Et tu? Why "fram" could be the downfall of social networks
Tuesday, November 27, 2007
What's worse than spam in your inbox?
Spam from your friends!
I've been getting so much of it that I've given it its own name, Fram (short for friend-spam). This differs from bacn, because your friends are generating the emails/updates/requests/invitations, not from a subscription.
Fram has really taken root with the rise in popularity of Facebook. Facebook's viral, social nature is perfect for spreading these messages, invites, applications and other bits like wildfire. So how does this work you ask. It's simple really and I don't think a lot of people even know they're doing it. On Facebook (et.al.) every time you do something, it tells people about it. You join a group, you can tell your friends. Add an application? Why not invite your friends to enjoy it with you? Each one of those interactions sends an email. That's where Fram becomes a problem.
As your network grows, the level of Fram can become overwhelming. If you have 25 friends that's one thing. If you have 100+ it becomes a pain. If you are a super connector with 500+ I don't know how you deal with the flood.
Another problem with Facebook/MySpace/everybody-else is the way they message you. Each of these sites sends you an email telling you you have an update. It doesn't send you the update, mind you, it just tells you you have an update. So, not only do you have an extra email, you have to log in to the site and deal with it there too.
Many blame spam for the downfall of email. Could Fram lead to the downfall of social networks? It could, but that tipping point is likely to be years down the road. It is one more hurdle that will paralyze most people just like spam has done with email. (Will there be Fram filters in the future?)
Here are the top five ways to prevent Fram:
- If you join a cause or group, don't invite me. I'll see it in my friend timeline and join if I am interested. I add all of my groups/apps from there.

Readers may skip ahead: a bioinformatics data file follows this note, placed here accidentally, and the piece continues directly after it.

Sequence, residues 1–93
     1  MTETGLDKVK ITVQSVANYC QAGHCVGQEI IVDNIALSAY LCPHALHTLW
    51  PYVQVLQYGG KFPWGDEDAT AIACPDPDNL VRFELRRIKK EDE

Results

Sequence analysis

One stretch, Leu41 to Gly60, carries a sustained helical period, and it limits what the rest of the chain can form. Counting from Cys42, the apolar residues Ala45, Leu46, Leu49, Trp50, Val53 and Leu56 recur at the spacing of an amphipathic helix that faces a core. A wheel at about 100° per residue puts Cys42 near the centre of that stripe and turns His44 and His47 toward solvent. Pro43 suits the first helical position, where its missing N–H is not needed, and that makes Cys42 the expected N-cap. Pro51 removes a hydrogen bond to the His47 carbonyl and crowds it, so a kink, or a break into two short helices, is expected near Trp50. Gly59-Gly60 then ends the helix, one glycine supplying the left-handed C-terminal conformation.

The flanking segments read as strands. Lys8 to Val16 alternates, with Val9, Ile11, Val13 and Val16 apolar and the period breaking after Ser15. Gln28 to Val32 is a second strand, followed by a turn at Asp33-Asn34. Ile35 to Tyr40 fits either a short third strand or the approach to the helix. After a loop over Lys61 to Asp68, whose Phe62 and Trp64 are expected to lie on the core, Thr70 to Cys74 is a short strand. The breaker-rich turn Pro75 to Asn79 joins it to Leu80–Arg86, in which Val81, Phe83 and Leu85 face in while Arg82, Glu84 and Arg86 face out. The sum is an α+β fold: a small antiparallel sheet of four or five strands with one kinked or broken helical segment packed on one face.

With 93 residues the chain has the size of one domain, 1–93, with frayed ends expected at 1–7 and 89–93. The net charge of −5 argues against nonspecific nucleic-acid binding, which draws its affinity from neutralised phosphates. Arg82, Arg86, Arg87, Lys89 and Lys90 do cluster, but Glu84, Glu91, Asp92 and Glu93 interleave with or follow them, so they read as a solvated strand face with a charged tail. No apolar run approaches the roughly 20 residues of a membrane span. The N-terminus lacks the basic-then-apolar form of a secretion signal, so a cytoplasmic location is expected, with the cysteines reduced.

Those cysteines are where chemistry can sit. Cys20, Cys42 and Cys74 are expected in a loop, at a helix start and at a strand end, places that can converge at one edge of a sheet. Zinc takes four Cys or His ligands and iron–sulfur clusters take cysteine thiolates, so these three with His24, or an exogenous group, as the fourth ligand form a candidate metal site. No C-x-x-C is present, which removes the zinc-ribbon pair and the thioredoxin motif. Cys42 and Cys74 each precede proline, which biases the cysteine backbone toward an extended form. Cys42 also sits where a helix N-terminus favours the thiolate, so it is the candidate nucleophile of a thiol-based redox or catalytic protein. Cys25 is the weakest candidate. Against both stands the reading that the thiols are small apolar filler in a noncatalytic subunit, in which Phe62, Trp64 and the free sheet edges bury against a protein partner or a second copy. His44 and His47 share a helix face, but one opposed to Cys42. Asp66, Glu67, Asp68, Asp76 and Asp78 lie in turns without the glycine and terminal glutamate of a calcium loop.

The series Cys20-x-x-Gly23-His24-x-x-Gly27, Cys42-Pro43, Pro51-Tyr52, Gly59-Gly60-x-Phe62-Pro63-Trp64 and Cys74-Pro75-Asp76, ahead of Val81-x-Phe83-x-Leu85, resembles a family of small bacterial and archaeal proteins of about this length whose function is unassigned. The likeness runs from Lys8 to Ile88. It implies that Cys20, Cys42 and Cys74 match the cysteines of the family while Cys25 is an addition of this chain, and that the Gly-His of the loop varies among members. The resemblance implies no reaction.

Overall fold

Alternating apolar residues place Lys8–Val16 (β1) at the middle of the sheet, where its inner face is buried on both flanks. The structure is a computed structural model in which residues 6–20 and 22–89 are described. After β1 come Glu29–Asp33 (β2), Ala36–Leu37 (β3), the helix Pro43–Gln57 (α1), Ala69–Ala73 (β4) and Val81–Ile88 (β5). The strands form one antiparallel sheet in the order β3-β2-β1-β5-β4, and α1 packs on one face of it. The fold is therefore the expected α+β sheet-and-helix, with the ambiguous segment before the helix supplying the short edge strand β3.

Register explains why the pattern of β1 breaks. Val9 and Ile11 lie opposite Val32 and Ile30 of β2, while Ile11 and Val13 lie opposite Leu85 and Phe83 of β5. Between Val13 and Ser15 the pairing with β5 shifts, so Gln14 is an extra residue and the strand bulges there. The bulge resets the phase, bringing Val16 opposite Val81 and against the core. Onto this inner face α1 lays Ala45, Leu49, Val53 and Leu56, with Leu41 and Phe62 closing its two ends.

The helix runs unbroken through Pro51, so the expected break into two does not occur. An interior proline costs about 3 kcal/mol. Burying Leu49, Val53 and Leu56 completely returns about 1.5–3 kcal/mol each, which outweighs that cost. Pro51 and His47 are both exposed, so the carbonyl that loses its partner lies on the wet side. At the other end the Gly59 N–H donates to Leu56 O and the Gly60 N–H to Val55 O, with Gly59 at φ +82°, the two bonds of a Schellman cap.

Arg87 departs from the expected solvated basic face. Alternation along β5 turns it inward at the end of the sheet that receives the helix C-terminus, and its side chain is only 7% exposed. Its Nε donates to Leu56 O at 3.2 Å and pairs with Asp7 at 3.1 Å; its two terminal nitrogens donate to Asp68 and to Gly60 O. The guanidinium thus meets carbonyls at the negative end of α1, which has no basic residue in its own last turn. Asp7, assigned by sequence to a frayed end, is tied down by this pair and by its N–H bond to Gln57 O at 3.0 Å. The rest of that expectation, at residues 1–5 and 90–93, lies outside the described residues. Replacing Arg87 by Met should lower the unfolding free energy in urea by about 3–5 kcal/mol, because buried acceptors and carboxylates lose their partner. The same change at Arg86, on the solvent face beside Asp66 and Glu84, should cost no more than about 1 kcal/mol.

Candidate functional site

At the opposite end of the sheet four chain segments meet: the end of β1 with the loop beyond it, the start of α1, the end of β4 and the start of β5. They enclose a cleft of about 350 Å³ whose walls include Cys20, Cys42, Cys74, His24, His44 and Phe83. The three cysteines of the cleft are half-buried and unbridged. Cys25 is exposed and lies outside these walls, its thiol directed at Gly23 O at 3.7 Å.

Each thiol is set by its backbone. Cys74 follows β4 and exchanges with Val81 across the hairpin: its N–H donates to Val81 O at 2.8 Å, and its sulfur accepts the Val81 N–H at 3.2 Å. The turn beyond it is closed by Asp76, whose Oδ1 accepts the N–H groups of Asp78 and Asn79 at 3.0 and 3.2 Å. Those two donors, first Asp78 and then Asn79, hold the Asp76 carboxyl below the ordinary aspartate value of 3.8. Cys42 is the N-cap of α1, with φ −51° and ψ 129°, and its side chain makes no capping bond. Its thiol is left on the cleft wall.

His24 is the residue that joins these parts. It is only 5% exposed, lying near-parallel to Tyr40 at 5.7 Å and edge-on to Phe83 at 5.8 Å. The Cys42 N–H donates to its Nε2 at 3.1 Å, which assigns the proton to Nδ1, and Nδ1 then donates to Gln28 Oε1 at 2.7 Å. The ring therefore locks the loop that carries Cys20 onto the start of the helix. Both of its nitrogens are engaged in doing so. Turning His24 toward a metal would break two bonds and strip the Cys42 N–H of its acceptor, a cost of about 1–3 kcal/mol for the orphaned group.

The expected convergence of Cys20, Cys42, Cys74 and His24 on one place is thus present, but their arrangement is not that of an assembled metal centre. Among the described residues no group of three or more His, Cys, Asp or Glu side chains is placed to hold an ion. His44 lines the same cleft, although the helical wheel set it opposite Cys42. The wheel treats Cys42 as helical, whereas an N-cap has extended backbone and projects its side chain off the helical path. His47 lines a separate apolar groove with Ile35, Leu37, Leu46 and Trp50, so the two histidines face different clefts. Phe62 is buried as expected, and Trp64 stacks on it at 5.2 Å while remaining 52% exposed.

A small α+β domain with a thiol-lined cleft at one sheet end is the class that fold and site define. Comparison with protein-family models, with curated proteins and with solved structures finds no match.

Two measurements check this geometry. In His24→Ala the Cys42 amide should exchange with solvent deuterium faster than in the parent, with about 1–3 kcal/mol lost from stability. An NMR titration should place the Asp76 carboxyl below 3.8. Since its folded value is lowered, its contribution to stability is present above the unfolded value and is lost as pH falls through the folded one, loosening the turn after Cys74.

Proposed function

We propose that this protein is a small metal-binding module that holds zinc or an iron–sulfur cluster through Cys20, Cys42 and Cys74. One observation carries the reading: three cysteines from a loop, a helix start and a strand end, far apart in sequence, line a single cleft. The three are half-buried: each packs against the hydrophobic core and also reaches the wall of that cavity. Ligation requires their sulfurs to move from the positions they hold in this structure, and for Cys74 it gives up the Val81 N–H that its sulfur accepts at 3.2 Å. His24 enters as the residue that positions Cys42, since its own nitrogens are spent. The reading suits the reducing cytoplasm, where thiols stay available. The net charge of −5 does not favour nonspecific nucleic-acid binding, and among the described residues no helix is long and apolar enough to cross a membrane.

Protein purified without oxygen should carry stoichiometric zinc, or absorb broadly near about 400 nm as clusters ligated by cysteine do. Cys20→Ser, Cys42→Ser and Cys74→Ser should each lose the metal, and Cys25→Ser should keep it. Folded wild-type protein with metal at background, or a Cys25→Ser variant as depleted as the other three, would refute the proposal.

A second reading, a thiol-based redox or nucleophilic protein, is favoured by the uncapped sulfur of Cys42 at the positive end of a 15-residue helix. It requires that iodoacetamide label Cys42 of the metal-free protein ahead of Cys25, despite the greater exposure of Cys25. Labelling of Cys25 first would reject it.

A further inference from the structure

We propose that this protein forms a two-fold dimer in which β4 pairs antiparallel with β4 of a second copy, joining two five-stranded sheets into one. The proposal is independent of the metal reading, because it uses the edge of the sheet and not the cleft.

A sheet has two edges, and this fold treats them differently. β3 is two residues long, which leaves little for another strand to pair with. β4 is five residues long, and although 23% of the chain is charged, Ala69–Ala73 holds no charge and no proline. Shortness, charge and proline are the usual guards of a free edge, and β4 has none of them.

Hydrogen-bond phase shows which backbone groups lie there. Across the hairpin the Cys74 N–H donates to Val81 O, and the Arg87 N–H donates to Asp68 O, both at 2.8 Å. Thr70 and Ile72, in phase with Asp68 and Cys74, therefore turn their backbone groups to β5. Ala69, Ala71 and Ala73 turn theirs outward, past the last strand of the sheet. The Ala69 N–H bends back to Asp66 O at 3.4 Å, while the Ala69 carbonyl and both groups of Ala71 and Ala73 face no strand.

- If you install an application you think I have to have, don't invite me. If I already have it installed I'll find you. Again, I'll see your addition in the timeline.
- If you're a corporation/band/whatever with a Fan page on Facebook, limit your messages to few and far between.
- If you're a group administrator, limit the emails to only those that add value to the group.
- If you're either of the previous two groups, focus on the value proposition for your members/fans. How are you adding value? If you just have a group/page to have one, you're in the wrong space.
What tips would you add to this list? Are you overwhelmed yet?
[Update:] This is definitely a hot topic. Hat tip to Iain Tait @ CrackUnit.com for pointing out this cartoon by the brilliant Hugh MacLeod.
Also, Mitch Joel posted the following two tweets on Twitter just a couple moments ago:
To show you more of what I am talking about check out this quick diagram that shows what happens when I get a group/fan message on Facebook. Five individual messages are delivered to me in various ways.
Matt Dickman, social media, social networks, Techno//Marketer, Fram, Facebook